She walked into my office on a pair of gams so long she almost gave herself a haircut on the ceiling fan. She was a real classy website, the kind I didn’t normally see in my line of work, but judging from the black eye, her comments section could get a little rough.
She leaned on my desk and told me she had a job for me.
“I need a list of five detectives” she told me. “And I will pay you a modest amount.”
I leaned back in my chair, remembered it was a stool and rolled onto the floor.
“Sounds like a real easy job. What’s the catch, dollface?”
“They all have to be from science fiction or fantasy” she said, like she said things like that to men like me every day of the week. And maybe she did. Maybe that was one of her go-to article formats. Maybe the world was really that sick a place.
“That won’t be easy” I said.
“You’ll figure it out. I hear you don’t have a problem with bending the rules.”
“That’s why they threw me off the force.”
“I heard it was ‘cos you was makin’ time with the commissioner’s sweetheart?”
“He was makin’ time with ME” I told her.
She left and I lit a cigarette and let the smoke waft over the Venetian blinds nice and atmospheric like.
This was going to get ugly. I knew right then that I was going to end up in the kind of dead end that can only be resolved by a character with a foreign accent walking into the room with a gun…
Rick Deckard, Bladerunner/Do Androids Dream of Electric Sheep? by Philip K. Dick
Harrison Ford famously called his third most iconic SF/Fantasy role “a detective who doesn’t do any detecting”. But Deckard, like the movie around him, is not about plot and Ford is playing less a character than the entire concept of the hard-bitten, morally compromised, hard drinking gumshoe. Yes, it’s all about the trenchcoat and the mood and the atmosphere. But what mood. What an atmosphere. What. A. Trenchcoat.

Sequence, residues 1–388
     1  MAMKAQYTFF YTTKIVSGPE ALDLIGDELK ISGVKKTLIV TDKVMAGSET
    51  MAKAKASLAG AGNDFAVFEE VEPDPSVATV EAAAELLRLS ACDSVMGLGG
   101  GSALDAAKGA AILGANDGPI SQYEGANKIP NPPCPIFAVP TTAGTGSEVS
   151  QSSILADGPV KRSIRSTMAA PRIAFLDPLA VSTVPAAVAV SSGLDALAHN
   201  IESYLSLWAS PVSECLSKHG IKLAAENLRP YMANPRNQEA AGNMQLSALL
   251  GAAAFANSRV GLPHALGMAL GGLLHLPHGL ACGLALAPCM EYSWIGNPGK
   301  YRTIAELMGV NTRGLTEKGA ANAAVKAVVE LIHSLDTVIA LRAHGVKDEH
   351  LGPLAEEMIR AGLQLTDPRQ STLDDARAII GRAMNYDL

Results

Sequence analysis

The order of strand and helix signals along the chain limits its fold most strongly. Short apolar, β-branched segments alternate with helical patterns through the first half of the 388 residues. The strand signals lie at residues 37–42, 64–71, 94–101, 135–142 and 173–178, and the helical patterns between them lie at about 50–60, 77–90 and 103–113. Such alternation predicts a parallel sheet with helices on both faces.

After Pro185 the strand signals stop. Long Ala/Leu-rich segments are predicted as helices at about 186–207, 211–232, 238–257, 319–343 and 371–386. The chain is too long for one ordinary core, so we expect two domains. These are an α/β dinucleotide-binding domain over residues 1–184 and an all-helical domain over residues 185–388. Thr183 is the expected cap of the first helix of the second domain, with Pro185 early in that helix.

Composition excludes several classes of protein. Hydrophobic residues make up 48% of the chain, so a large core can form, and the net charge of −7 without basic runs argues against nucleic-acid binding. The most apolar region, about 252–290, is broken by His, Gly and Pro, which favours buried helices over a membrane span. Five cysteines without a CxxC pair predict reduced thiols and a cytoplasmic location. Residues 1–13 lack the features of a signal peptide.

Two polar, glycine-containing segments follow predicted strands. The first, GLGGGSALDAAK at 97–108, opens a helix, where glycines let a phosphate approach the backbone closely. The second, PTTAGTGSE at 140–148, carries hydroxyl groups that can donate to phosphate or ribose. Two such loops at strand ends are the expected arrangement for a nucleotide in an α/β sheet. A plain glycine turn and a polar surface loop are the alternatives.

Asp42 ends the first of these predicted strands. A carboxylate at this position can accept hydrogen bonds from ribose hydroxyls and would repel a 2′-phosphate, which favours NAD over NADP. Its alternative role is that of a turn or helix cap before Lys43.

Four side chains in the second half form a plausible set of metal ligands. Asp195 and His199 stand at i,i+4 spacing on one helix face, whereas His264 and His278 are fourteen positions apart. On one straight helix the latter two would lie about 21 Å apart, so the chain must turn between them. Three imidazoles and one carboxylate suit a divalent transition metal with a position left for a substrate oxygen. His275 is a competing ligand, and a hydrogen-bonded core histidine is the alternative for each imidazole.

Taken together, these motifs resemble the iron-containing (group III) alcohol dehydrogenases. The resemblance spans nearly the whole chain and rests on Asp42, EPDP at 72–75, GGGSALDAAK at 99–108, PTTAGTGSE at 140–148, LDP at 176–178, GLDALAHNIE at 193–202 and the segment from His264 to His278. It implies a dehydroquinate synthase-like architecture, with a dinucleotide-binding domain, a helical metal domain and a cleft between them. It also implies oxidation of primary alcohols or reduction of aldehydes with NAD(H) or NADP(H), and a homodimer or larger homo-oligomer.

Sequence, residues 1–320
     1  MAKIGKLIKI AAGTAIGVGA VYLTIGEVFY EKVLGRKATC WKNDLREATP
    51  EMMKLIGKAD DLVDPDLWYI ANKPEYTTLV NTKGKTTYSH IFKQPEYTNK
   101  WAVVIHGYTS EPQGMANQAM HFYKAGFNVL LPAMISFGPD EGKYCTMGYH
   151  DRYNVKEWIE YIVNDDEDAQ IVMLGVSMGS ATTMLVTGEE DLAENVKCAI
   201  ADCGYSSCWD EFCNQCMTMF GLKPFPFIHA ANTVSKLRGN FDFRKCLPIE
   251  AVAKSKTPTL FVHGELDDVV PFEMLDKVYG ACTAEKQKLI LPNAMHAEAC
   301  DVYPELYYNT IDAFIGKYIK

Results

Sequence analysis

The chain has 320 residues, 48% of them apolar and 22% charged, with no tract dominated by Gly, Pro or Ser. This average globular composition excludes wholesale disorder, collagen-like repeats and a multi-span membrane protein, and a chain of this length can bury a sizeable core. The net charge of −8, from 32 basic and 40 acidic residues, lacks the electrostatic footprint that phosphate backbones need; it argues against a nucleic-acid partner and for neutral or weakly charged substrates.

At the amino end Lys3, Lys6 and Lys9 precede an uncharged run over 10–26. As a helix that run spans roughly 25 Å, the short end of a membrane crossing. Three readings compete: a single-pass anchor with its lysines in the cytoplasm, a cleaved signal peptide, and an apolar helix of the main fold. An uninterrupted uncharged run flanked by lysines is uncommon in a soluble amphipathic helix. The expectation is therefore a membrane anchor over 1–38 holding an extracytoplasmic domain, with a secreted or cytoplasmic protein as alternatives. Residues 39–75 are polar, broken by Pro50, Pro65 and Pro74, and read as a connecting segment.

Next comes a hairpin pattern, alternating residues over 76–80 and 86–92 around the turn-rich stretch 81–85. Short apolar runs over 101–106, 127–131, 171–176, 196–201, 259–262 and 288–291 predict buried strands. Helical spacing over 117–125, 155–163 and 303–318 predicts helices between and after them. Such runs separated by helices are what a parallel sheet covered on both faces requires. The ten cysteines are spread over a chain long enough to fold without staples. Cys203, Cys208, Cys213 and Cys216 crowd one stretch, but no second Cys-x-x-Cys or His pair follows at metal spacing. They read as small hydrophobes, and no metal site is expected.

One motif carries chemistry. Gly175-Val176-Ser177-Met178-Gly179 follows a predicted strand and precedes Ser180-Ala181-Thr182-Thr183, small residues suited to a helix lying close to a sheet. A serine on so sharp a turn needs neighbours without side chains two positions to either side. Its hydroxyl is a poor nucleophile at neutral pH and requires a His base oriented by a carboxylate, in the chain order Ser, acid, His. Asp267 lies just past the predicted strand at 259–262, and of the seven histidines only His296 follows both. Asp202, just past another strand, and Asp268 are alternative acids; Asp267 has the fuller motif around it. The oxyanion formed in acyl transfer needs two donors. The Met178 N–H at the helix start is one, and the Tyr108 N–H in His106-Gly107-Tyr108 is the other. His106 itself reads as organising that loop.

Constable Peter Grant, Ben Aaronovitch’s Rivers of London Series
A young Sierra Leonean/British copper with an aptitude for magic, Grant is recruited into the Folly, the London Met’s unit for dealing with magical crimes. A complete departure from your typical detective archetype, Grant is young, tech-savvy, snarky and genuinely seems to like other human beings(!)
Another thing that sets the series apart is that it doesn’t just show the aspects of policing that fiction tends to focus on i.e., solving crimes. Sure, Grant might face ghosts and body-hopping serial killers, but he also acts as a mediator, brokering peace between the feuding gods of London’s rivers and liaising with other agencies from across the world. Rivers of London takes a whole-cloth approach to depicting the day to day life of a modern British police officer which honestly makes it feel more faithful and realistic than a lot of straight crime fiction.